Itihasa (narrative history)
Śānta (शान्त) is a name mentioned in the Mahābhārata (cf. I.60.22) and represents one of the many proper names used for people and places. Note: The Mahābhārata (mentioning Śānta) is a Sanskrit epic poem consisting of 100,000 ślokas (metrical verses) and is over 2000 years old.Source: JatLand: List of Mahabharata people and places
Itihasa (इतिहास, itihāsa) refers to ‘epic history’ and represents a branch of Sanskrit literature which popularly includes 1) the eighteen major Puranas, 2) the Mahabharata and 3) the Ramayana. It is a branch of Vedic Hinduism categorised as smriti literature (‘that which is remembered’) as opposed to shruti literature (‘that which is transmitted verbally’).
General definition (in Hinduism)
Santā (संता): Daughter of Dasharatha, Wife of sage Rishyasringa.Source: WikiPedia: Hinduism
Theravada (major branch of Buddhism)
1. Santa. Aggasavaka of Atthadassi Buddha. (J.i.39; Bu.xv.19). He was son of the king of Sucandaka, and Upasanta, son of the chaplain, was his friend. These two placed four very learned men at the four gates of the city to inform them of the arrival of any wise men. They announced the arrival of Atthadassi Buddha. Santa and Upasanta visited the Buddha and his monks, gave them meals for seven days, and listened to the Buddhas preaching. On the seventh day they became arahants, with ninety thousand others. BuA. p. 179.
2. Santa. Fifty seven kappas ago there were four kings of this name, previous births of Tissa Thera. ThagA.i.200; but see Ap.i.174, where he is called Bhavanimmita.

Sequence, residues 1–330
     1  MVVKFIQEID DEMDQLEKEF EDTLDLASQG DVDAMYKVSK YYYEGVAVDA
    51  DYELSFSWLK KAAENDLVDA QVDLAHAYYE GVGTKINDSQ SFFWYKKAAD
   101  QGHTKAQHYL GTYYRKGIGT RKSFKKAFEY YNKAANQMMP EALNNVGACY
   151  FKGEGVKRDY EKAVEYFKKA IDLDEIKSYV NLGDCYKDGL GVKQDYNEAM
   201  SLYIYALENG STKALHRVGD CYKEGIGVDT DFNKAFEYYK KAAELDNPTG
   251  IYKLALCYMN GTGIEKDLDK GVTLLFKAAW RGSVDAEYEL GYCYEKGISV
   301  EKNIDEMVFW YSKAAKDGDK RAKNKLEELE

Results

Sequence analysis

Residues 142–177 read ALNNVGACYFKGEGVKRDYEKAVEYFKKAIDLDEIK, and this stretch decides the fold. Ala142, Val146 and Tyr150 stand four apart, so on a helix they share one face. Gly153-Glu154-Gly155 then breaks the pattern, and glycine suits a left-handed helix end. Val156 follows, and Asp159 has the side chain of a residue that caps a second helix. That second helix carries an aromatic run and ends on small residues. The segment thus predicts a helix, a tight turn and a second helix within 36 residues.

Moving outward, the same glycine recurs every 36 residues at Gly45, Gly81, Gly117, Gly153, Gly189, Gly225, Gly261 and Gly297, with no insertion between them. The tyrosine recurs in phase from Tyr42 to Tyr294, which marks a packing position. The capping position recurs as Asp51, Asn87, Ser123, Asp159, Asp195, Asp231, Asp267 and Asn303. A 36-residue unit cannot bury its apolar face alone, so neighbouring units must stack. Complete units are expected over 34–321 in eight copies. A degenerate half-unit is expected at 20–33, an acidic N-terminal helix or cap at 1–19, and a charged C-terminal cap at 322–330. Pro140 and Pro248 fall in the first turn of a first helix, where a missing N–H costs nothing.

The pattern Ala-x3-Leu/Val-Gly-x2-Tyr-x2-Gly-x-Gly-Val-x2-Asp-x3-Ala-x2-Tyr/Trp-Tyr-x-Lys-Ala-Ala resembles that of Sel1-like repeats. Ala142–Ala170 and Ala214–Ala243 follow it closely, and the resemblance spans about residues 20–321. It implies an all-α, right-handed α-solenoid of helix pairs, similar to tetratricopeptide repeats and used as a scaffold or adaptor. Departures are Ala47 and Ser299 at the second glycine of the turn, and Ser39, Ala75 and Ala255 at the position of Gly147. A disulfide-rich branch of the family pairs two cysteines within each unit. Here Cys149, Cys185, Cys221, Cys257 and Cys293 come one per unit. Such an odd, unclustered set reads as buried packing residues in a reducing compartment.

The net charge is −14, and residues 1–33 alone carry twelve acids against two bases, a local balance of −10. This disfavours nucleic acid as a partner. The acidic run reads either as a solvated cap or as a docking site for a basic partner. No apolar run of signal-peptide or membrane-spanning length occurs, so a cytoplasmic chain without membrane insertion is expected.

3. Santa. A general of Parakkamabahu I. He is called Jitagiri, and was in charge of the Viharavajjasala ford. Cv.lxxv.25.
Santa Sutta. On ten qualities which make a monk altogether charming and complete in every attribute. A.v.11.Source: Pali Kanon: Pali Proper Names
Theravāda is a major branch of Buddhism having the the Pali canon (tipitaka) as their canonical literature, which includes the vinaya-pitaka (monastic rules), the sutta-pitaka (Buddhist sermons) and the abhidhamma-pitaka (philosophy and psychology).
Mahayana (major branch of Buddhism)
Śāntā (शान्ता) is the name of a courtesan according to the 2nd century Mahāprajñāpāramitāśāstra (chapter XXVIII). Accordingly, “there was, at that time in the kingdom of Vārāṇasī, a courtesan named Chan t’o (Śāntā) of unequalled beauty; she came in answer to the king’s appeal. She asked people whether or not [Ekaśṛṇga] was a man; they answered that he was the son of a hermit”.Source: Wisdom Library: Maha Prajnaparamita Sastra